The head of a Louisville faith-based group and the mayor will meet Friday to discuss safer policing months after multiple requests for the mayor to meet.
Citizens of Louisville Organized and United Together (CLOUT) Co-President Reginald Barnes said the goal of the meeting is to prompt an external review of Louisville Metro Police Department policies. Barnes said better policing techniques could help keep citizens and officers safe, and prevent police shootings, like that of Darnell Wicker in 2016.
Two white LMPD officers shot and killed Wicker at an apartment complex in southwest Louisville in 2016. He reportedly suffered from drug problems, and police said he came toward them wielding a handsaw; Wicker was shot 14 times. So far in 2018, police have shot five people, four fatally.
“What we’re seeing here in Louisville is that we need a little bit better transparency – that we need to get some more answers to some of these pressing questions,” Barnes said.
Barnes and CLOUT members delivered 600 cards to the Mayor this April, asking to meet with the organization.
Fischer said in a statement that he encourages all departments to constantly review best practices and improve their processes.
“LMPD has previously outlined the critical incident response training that officers receive now, as well as plans for enhanced training, but we’re happy to hear any constructive ideas that our citizens may have to improve public safety,” the statement said.
Fischer requested a review of LMPD’s crisis intervention training and policies last year, after Jefferson County Commonwealth’s Attorney ruled Wicker’s shooting was justified and declined to criminally charge the officers involved.
LMPD officials said the department conducted its own review by comparing its own policies to the federal 21st Century Policing report – a set of policing guidelines released by the Obama administration in 2015 in response to the police killing of Michael Brown in Ferguson, Missouri.
LMPD’s 88-page report, released October 2017, said its department satisfied all de-escalation guidelines and ruled its ability to handle investigations is “greater than any external capacity.”
For Barnes, that’s not enough. He alleges LMPD officers don’t follow policies for de-escalation and crisis intervention, and aren’t transparent with its procedures.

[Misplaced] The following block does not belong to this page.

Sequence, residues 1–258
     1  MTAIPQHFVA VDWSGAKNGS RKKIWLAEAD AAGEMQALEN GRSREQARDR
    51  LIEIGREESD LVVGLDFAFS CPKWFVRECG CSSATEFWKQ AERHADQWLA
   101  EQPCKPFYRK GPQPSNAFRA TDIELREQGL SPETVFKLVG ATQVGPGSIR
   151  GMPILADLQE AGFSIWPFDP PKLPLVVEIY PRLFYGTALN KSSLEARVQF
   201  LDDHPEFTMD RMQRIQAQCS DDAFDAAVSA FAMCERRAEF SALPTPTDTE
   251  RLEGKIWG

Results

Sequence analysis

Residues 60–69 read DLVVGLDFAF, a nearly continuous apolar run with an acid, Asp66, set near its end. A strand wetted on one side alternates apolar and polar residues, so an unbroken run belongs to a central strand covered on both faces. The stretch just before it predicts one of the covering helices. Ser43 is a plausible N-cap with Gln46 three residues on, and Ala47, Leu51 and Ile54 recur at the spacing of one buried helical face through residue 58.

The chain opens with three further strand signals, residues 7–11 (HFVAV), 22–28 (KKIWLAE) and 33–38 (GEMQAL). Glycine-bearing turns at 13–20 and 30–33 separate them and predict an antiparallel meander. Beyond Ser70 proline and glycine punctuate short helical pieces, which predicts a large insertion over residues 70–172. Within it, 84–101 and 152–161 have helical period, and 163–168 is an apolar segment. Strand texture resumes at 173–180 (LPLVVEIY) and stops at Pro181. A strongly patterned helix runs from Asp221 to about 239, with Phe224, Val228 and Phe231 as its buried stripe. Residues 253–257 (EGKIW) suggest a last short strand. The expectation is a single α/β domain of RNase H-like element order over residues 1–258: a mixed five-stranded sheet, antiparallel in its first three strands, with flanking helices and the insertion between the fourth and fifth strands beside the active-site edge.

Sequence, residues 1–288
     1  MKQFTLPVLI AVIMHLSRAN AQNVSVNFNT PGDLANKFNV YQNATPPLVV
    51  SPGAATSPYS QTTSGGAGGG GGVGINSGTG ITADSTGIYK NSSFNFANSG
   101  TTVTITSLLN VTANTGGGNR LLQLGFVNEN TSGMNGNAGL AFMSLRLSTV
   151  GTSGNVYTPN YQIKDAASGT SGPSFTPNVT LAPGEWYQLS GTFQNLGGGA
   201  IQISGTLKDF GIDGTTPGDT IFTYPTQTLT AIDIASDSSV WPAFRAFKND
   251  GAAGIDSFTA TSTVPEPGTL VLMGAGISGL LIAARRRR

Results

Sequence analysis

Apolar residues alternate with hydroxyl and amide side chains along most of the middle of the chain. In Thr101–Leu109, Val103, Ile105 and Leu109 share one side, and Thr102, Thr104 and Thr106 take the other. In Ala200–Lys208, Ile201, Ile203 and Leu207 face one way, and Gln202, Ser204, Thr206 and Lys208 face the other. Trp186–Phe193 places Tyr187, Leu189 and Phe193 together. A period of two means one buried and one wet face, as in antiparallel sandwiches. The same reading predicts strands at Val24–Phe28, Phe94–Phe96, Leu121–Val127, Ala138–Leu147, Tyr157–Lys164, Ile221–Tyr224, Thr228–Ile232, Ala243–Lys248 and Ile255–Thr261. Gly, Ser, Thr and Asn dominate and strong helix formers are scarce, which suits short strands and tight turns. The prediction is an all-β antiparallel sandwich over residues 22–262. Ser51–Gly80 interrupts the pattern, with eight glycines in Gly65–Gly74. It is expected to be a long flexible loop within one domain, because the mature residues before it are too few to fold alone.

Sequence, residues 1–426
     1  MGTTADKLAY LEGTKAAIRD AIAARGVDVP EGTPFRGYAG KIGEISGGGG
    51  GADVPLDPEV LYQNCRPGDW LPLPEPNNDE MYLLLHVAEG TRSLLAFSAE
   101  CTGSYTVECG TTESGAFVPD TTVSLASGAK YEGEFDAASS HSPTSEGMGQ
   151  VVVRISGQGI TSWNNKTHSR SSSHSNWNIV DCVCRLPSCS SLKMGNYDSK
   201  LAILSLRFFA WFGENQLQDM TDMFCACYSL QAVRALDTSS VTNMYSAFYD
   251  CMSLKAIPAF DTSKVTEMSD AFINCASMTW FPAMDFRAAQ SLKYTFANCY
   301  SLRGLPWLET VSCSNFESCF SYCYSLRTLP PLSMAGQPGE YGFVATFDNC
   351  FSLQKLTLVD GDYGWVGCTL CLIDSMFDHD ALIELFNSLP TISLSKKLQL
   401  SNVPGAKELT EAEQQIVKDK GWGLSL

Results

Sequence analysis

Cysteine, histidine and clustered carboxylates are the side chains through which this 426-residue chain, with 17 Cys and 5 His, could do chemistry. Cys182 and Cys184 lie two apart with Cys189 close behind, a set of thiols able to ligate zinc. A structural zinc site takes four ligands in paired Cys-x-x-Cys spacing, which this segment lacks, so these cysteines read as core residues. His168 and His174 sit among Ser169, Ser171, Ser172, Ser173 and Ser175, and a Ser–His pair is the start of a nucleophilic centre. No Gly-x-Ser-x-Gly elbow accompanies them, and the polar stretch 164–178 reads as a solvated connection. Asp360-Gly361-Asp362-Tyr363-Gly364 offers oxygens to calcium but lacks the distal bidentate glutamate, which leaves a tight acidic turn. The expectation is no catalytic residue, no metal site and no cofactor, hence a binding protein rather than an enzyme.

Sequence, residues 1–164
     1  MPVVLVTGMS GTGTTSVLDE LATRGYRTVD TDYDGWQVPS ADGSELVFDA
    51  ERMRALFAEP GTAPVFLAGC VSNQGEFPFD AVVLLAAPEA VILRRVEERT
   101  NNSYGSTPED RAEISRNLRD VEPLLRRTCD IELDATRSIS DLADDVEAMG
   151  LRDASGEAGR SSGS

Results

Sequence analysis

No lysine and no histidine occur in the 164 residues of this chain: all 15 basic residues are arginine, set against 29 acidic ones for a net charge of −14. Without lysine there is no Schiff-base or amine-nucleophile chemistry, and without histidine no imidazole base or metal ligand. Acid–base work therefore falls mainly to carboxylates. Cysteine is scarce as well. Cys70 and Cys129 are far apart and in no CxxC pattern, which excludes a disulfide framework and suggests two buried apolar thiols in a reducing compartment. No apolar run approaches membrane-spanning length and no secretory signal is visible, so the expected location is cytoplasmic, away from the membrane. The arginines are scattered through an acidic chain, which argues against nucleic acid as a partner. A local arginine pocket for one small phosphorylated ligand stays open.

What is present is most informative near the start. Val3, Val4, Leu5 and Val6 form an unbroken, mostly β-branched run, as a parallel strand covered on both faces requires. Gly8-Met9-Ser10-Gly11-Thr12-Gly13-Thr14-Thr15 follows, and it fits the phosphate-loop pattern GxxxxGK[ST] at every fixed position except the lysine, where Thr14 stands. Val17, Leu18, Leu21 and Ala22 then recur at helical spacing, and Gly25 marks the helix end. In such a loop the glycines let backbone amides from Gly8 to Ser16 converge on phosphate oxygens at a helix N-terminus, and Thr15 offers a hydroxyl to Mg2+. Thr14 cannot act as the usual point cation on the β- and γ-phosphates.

“How transparent can you really be when you’re investigating yourself?” Barnes asked.
‘We have to adapt’
LMPD’s Crisis Intervention Team training is tailored to police interactions with mentally disabled and addicted people. Its tactics, which include calmly speaking, giving distance to suspects, and not interrupting them, are meant to de-escalate situations and prevent the situation from turning violent or fatal.
The team offers this training to all police officers.
LMPD spokeswoman Jessie Halladay said police handle investigations well, and CLOUT’s allegation that police don’t follow de-escalation and crisis intervention policies in the field are a “false perception.”
“[Officers] do the best with what they have as far as training and circumstances to respond,” Halladay said.
But Halladay and Pam Oberhausen, LMPD 4th Division Patrol Sergeant and the crisis intervention team coordinator, believe there’s still room for LMPD to improve.
“We have to adapt to the way that the world moves around us,” she said. “So you’ll never hear me say that it’s a perfect amount of training. You can never have enough training to be effective.”
She said Louisville is ahead of the curve with de-escalation training when compared to other departments.
LMPD certifies incoming officers in crisis intervention through a 40-hour course, teaching them de-escalation techniques such as giving suspects space, speaking calmly and refraining from sudden moves. After that, officers receive additional training updates annually, according to LMPD.
Every year, LMPD officers file approximately 2,000 crisis intervention-related reports for incidents such as interactions with a mentally ill subject, coping with addiction or another crisis.
Training For Crisis
Professor Amy Watson, who researches crisis intervention team training at University of Illinois at Chicago, said it helps if there’s a reward system for officers who de-escalate situations. LMPD’s Oberhausen said there’s no department policy to award officers for de-escalating situations, but many administrators do at their own discretion.
Watson said recognizing them at the department level can indicate that the department values de-escalation over use of force, when possible.
“If departments recognize officers for those responses, it shows this is important and it’s worthwhile for officers to really work towards being able to provide these types of responses,” Watson said.
Watson said departments can also be more effective if they train dispatchers and choose officers attuned to handling people with mental health disabilities. Mitchell Burmeister, Louisville Metro Emergency Services’ spokesman, said dispatchers are given a three-hour course in crisis intervention training before hiring, and are trained monthly to keep their certifications.
“Training doesn’t fix everything,” Watson said. “A lot of officers don’t like mental health calls. If you’re going to a type of call that you really don’t like handling, you may not be displaying as much compassion and empathy, which can go a long way.”
The story has been updated to reflect that LMPD spokeswoman Jessie Halladay noted there’s room for training improvements. A previous version of this story stated otherwise.